pairs of ball bearings 18, 19 and 20, 21 which are preloaded. The bearings 20 and 21 at the rear of the inner barrel part have their inner races and their associated annular spacer 23 located between a first ring 25 which engages a shoulder 26 on the inner member forwardly of the inner races of the bearings and a second ring 27 which is threaded and engaged on a threaded rear end portion of the inner barrel part. The ring 27 is formed with a cut 29 extending nomal to the axis of the ring to provide a rear part 31 of the ring which is clamped to a forward part thereof by a bolt 33 tightening of which locks the ring 27 to the barrel part 17. Against a forwardly facing surface of the first ring 25 is a further thrust bearing 35 forwardly of which is a light helical spring 37 which pre-loads a main thrust bearing 39.

The inner races of the two ball bearings 18 and 19 engage a shoulder 41 on the inner barrel part and a forward face 43 of the main thrust bearing 39 a rear race of which is engaged by the forward end of a stack 45 of annular dished spring members, the rear end of the stack engaging a shoulder 49 on the main or outer part of the barrel. The rear face of the hardened annular plate is also engaged by the helical spring but since the stack of dished annular spring members is much stiffer than the light helical spring the annular plate acts as a substantially fixed abutment for the latter.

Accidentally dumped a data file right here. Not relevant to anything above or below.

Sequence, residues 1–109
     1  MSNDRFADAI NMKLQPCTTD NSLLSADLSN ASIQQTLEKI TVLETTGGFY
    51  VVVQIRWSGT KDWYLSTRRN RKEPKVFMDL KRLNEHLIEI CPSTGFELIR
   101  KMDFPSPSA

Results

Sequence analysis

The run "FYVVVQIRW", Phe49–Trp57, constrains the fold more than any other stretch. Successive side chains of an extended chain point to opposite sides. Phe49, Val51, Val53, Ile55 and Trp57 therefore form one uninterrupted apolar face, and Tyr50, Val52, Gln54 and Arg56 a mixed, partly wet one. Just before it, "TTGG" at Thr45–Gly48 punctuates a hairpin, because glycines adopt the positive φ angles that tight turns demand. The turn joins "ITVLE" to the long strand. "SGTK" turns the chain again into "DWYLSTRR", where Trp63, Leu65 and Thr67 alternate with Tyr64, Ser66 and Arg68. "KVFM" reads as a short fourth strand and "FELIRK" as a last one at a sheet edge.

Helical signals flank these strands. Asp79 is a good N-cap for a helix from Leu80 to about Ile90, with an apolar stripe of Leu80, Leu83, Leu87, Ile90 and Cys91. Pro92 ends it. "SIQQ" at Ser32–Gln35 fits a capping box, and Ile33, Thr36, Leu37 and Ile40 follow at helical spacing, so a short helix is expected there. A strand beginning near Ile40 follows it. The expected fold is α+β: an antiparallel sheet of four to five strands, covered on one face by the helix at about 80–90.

The stack 45 of dished spring members suitably Belleville washers, may take a variety of forms. In one form illustrated in FIG. 2 there are three frusto-conical spring washers 50, 51, 52 the forward washer 50 having the least and the rear washer the greatest flexural rigidity. The conical angle of the washers increases from the forward to the rear washer so that the inner edges of the first and second and of the second and third washers are in contact. Rearwardly of the rear washer 52 is a hardened annular plate 53 the rear surface of which is flat and flatwise engages shoulder 49 whilst the forward surface is frusto-conical having a larger conical angle than the washer 52 so that the inner edge thereof contacts the inner edge of washer 52. As the axial thrust increases on the workpiece supporting member 10 which fits within the inner barrel part 17, which barrel part is retained endwise during ejection of the workpiece supporting member when replacement of the latter is required by a centrally apertured end cap bolted 60 to the for-ward end of the outer barrel, the first dished washer 50 flexes and flattens against the forwardly directed surface of the second washer 51 (FIG. 2(b)). Under increasing load the first and second washers 50 and 51 together deflect and flatten against the inner surface of the third washer 52 (FIG. 2(0)). The three washers then deflect together until the maximum thrust is reached at which stage the rear face of washer 52 (see FIG. 2(d)) engages the forward face of the plate 53 so that stressing of the spring washers beyond their elastic limit is prevented.